back to article Spring break! Critical vuln in Pivotal framework's Data parts plugged

Pivotal Labs' Spring Data REST project has a serious security hole that needs patching. Pivotal's Spring Framework is a popular platform for building web apps. Spring Data REST is a collection of additional components for devs to build Java applications that offer RESTful APIs to underlying Spring Data repositories. These …

  1. SVV Silver badge

    Not technically correct

    "RESTful APIs are commonly publicly accessible, creating a mechanism for hackers to easily gain control over production servers and obtain sensitive user data."

    Well, the whole idea of web services is to make them accessible via the web - you can secure them for internal use only if you want, but otherwise, yes they are as accessible as any other web server HTTP services, because that's how they work. How you secure them (or don't) is your responsibility. It is really going too far to say they allow hackers to easily gain control over production servers, unless whoever set it up was a total dimwit.

    However, the convenience and simplicity of REST services has led to their popularity, so enough dimwits are inevitable statistically. Securing this stuff properly isn't for amateurs and the inexperienced. It needs both the sysadmins and devs to have a well planned way to do so. Still, REST has gained supremacy by its' very ease of use nature, and therein lies the trap for the unwary, as always.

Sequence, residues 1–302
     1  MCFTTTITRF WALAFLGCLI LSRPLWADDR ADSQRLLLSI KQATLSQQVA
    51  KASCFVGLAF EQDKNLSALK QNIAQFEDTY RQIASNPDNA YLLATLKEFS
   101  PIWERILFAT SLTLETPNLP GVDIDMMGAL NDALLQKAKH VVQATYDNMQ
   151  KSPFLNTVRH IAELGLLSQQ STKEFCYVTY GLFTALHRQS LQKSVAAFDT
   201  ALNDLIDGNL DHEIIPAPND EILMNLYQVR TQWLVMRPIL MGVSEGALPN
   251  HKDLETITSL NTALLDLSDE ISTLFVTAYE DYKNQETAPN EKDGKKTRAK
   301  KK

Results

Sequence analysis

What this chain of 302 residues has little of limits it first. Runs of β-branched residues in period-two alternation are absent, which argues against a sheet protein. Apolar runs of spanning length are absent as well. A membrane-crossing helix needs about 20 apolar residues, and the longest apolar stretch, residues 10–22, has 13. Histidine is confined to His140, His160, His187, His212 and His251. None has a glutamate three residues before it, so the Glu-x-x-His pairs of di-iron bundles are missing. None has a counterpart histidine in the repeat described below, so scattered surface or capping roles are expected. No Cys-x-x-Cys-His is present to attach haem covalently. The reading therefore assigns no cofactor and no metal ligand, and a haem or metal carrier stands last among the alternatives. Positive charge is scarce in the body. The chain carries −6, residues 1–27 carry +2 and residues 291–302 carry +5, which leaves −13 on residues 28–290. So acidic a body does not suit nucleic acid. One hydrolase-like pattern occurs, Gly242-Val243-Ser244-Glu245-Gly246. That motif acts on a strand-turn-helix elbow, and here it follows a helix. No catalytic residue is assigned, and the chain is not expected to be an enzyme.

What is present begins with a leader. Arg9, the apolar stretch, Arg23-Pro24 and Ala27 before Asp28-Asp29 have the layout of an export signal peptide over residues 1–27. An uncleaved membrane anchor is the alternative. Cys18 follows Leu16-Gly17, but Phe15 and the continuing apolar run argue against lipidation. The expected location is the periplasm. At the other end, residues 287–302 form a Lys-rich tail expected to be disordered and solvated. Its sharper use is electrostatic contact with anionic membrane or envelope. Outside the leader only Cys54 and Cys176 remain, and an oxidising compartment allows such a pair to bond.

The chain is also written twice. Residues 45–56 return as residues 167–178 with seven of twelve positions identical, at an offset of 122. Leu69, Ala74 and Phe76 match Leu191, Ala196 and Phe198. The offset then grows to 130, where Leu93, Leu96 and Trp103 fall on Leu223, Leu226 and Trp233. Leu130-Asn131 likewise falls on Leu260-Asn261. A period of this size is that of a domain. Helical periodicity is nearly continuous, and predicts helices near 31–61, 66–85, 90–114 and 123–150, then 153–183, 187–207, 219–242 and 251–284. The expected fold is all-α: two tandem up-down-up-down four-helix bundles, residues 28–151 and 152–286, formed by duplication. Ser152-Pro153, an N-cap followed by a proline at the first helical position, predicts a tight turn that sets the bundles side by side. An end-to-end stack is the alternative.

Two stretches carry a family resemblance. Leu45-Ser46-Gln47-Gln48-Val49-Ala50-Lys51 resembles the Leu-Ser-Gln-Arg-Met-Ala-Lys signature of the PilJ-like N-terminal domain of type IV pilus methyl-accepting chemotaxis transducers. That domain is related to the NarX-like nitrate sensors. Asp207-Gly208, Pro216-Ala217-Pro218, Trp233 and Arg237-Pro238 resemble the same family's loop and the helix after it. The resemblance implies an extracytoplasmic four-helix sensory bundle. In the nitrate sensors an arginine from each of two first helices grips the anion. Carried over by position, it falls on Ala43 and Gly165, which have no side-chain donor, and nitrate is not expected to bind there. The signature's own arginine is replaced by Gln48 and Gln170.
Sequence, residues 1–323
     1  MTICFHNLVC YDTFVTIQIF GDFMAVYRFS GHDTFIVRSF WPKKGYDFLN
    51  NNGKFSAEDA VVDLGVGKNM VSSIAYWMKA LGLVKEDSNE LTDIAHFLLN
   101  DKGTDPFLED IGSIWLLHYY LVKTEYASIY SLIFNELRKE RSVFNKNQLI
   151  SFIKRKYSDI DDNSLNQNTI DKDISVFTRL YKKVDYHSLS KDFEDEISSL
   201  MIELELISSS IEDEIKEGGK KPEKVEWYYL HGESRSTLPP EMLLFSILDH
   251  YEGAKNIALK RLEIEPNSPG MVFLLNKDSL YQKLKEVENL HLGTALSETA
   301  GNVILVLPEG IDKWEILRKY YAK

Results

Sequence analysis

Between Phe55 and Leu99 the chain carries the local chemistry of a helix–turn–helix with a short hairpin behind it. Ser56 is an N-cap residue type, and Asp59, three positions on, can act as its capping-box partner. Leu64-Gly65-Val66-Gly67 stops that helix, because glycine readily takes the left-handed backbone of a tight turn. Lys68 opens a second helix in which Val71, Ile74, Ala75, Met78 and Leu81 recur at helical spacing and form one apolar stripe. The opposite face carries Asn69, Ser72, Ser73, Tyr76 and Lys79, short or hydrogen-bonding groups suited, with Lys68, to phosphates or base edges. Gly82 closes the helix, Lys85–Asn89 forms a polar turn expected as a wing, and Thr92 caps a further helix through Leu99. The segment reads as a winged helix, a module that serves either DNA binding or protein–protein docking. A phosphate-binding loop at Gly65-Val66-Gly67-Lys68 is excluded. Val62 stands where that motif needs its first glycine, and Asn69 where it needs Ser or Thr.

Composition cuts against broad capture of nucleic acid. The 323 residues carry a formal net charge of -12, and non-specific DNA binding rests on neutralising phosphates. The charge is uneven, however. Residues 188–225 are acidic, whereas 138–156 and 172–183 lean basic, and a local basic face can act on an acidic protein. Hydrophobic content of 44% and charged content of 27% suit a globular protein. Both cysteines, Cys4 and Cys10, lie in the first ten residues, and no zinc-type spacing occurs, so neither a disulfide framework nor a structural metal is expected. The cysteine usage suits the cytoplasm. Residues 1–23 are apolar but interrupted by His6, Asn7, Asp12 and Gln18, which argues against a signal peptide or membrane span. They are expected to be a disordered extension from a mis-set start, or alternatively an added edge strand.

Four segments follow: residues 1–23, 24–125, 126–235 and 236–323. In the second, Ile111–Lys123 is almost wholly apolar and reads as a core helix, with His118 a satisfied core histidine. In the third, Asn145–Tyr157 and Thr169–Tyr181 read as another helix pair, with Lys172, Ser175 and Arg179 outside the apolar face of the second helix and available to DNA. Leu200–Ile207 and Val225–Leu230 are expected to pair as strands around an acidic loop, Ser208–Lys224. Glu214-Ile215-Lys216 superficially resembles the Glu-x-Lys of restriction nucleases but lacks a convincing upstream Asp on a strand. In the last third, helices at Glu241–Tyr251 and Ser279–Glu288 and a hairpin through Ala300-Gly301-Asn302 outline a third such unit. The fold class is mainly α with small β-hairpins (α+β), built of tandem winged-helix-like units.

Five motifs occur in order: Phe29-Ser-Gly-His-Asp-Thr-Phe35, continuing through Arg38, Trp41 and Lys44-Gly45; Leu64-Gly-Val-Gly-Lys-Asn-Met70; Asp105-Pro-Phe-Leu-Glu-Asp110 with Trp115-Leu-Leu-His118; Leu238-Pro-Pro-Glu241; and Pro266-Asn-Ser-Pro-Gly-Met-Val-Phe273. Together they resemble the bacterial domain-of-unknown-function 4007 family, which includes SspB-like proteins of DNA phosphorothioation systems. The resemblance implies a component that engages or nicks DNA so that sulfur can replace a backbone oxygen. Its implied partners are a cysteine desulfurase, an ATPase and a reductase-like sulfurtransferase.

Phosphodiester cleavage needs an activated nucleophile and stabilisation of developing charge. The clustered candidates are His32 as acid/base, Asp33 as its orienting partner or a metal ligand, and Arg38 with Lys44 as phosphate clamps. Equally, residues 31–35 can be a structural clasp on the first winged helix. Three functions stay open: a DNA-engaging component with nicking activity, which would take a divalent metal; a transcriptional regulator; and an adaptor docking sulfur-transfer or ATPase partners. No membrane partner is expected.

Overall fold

However, as one of the few remaining fans of the SOAP web service model, this looks like chickens coming home to roost. SOAP has an extensive inbuilt security model (optional of course - but not if you're sane), but never gained general favour because it was "too difficult and complex" and REST was "easy". And so difficult but complete security got discarded for a quick and dirty cludge, yet again, with the same old predictable results.

  2. Anonymous Coward
    Anonymous Coward

    Spring is a useless framework.

    The only people who use spring are the hacks who couldn't write proper code in the first place.

    Sorry but if you use the spring framework... you deserve what you get.

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